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Angela Bassett Feared Developing A Complex After Learning Of Ramonda's Larger Role In Wakanda Forever

"Black Panther Wakanda Forever" has the enormous task of juggling multiple ambitious goals. The upcoming sequel is already following one of the MCU's best solo superhero efforts with "Black Panther," which both impressed many critics and smashed box office goals. Eyes are looking for the sequel to repeat or exceed a similar type of success. The upcoming film is also attempting to introduce some new characters, notably Namor and Riri Williams, while concluding Marvel's Phase 4 of movies and TV series.

That is enough to make anticipation so high for "Wakanda Forever." But in addition, the film is also aiming to serve as a heartfelt tribute to the late actor Chadwick Boseman, who tragically died in 2020. The loss of Boseman leaves a noticeable hole within "Wakanda Forever." And the sequel will explore that aspect of processing grief from the death of a loved one, mainly through its cast. The supporting actors from the previous film are forced to step into expanded roles for "Wakanda Forever." This is especially true for Angela Bassett's Queen Ramonda. Trailers have already shown Ramonda powerfully addressing people with an emotionally charged speech and mourning the death of her son T'Challa. Ramonda plays a bigger role this time, which initially caused some concerns for Bassett. In fact, the actor was concerned about potentially developing a complex after learning of Ramonda's larger part in the sequel.

Director Ryan Coogler asked for a lot from Angela Bassett

Angela Bassett is an Academy Award-winning actor whose impressive career includes films such as "What's Love Got to Do with It?," "Waiting To Exhale," and "Akeelah and the Bee." When she appeared in "Black Panther," it was evident director Ryan Coogler made the perfect casting choice. Bassett brought a regal presence and powerful air to the role of Queen Ramonda. And she perfectly complemented Chadwick Boseman in their scenes together. But unlike the first film, Bassett explained to Variety that Coogler required so much from the actor because her character plays a more prominent role in "Black Panther: Wakanda Forever." Bassett got a little concerned.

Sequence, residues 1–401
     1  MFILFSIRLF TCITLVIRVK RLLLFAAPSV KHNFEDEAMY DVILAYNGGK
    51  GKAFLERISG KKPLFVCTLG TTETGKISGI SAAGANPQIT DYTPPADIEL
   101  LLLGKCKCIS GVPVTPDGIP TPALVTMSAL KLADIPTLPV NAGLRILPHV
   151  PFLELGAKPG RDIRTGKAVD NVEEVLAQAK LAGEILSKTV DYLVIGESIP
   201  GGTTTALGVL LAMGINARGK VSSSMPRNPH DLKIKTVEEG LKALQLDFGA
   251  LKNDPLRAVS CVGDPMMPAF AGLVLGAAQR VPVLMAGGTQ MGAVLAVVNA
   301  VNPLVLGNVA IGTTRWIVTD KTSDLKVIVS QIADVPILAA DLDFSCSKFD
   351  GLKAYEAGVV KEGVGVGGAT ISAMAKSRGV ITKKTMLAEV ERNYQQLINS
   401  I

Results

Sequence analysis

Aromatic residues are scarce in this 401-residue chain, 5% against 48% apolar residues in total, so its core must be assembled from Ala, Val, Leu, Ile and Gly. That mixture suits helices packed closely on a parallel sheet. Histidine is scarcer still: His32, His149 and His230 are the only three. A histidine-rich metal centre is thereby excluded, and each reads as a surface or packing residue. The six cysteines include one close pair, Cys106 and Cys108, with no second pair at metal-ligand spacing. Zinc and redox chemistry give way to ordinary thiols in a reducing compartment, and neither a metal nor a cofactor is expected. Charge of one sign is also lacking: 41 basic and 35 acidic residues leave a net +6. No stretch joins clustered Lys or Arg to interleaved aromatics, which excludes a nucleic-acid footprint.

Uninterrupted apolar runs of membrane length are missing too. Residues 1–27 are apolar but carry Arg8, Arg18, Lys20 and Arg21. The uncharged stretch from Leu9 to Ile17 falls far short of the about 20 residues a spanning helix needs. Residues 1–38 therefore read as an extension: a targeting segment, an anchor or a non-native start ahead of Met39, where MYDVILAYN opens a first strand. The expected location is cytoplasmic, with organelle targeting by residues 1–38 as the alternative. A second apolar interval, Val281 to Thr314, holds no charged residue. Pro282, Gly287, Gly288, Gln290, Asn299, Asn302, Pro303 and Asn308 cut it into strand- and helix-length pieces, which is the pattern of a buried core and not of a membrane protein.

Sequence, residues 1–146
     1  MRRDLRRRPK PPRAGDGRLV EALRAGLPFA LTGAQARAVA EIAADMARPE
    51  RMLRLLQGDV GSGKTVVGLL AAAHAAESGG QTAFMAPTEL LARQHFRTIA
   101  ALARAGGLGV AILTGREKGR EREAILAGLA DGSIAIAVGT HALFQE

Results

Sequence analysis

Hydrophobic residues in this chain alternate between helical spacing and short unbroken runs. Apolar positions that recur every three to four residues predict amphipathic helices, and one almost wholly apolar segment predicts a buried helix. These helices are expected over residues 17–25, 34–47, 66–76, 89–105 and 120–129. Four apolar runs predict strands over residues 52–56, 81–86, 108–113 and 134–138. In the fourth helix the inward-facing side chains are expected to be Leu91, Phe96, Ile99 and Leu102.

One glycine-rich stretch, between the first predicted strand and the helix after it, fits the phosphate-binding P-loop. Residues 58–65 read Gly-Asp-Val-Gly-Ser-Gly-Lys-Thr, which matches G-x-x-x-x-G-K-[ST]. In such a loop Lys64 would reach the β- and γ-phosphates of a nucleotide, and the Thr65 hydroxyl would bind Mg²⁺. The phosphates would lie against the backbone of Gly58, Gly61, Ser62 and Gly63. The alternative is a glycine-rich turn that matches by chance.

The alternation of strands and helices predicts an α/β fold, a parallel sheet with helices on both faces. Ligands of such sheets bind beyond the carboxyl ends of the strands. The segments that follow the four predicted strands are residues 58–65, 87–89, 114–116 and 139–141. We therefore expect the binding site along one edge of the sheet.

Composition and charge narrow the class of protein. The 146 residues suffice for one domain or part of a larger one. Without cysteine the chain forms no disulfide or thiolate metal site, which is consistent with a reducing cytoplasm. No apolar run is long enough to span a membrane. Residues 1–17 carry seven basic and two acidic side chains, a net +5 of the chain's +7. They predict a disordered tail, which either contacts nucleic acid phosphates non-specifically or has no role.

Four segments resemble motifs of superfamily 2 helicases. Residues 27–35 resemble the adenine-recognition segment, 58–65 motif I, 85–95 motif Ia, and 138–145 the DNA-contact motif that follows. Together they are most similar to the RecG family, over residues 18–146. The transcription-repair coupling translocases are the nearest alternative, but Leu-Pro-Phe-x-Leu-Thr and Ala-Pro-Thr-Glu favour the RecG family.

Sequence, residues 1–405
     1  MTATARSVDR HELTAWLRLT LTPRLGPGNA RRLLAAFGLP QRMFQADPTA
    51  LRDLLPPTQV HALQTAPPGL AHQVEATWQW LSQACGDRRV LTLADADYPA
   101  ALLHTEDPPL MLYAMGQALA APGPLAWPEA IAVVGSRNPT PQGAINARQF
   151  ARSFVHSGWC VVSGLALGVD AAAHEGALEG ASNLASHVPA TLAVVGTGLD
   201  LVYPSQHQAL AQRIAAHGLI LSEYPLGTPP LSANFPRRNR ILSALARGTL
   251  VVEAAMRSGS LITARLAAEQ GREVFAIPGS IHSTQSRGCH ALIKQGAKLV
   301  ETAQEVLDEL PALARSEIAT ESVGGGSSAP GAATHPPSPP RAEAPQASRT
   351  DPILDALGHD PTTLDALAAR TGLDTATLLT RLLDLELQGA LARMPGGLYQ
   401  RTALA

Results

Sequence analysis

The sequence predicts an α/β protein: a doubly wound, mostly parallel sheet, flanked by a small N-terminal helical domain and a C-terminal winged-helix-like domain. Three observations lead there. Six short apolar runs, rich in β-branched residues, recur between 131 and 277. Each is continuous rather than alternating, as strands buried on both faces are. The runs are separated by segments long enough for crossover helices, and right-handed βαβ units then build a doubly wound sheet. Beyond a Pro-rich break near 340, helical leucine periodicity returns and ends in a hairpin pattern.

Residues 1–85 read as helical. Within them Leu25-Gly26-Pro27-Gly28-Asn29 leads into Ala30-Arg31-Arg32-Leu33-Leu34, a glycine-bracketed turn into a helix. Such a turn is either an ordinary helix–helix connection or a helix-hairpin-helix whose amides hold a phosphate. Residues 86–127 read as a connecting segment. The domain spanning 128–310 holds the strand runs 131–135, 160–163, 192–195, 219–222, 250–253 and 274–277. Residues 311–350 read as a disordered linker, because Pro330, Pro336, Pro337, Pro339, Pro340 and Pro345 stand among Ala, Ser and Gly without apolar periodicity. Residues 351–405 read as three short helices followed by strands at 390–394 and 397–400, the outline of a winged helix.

"Almost to the point that I was going to get a complex, 'Am I going to be able to deliver what you're asking for?'" she told Variety. "She had to be strong. She had to be a mother. She had to be a leader. He was just throwing all of this at me. And then on top of that: 'Can you swim? Can you put your head in water?'"

It sounds like "Wakanda Forever" may have served as one of Bassett's most challenging roles. However, based on the early buzz of the actor's performance in "Wakanda Forever," she shook off any self-doubting fear and more than delivered. In the Variety piece, she further explained that she tapped into the genuine grief of losing Boseman for some of the film's most emotional moments. And she also worked with a dialect coach to better handle her character's accent during pivotal scenes.

Queen Ramonda plays a significant role in the comics

We never get to see or learn too much about Queen Ramonda in the first "Black Panther" movie as it's more focused on T'Challa. This might give the impression that Ramonda doesn't play any significant role in the comics. However, that's simply not true. The character has a complex and intriguing history within Marvel Comics that shows off how dedicated and loyal she is to family and country. That last fact is already astounding, considering that Ramonda isn't a native of Wakanda or the biological mother of T'Challa. Via Marvel Fandom, Ramonda is a South African who found a young and lost T'Challa and returned him to his kingdom. Afterward, she fell in love with his father, T'Chaka, and they married.

Ramonda's bond with Wakanda is so strong she even becomes a spy on its behalf. Per Marvel, in one comic story, she fakes an alliance with an enemy of her country to give information to Black Panther. Trailers for "Black Panther: Wakanda Forever" show Ramonda as a fearless leader ready to speak to the rest of the world on behalf of her country. But perhaps we'll also see her mirror her comic book counterpart in other ways.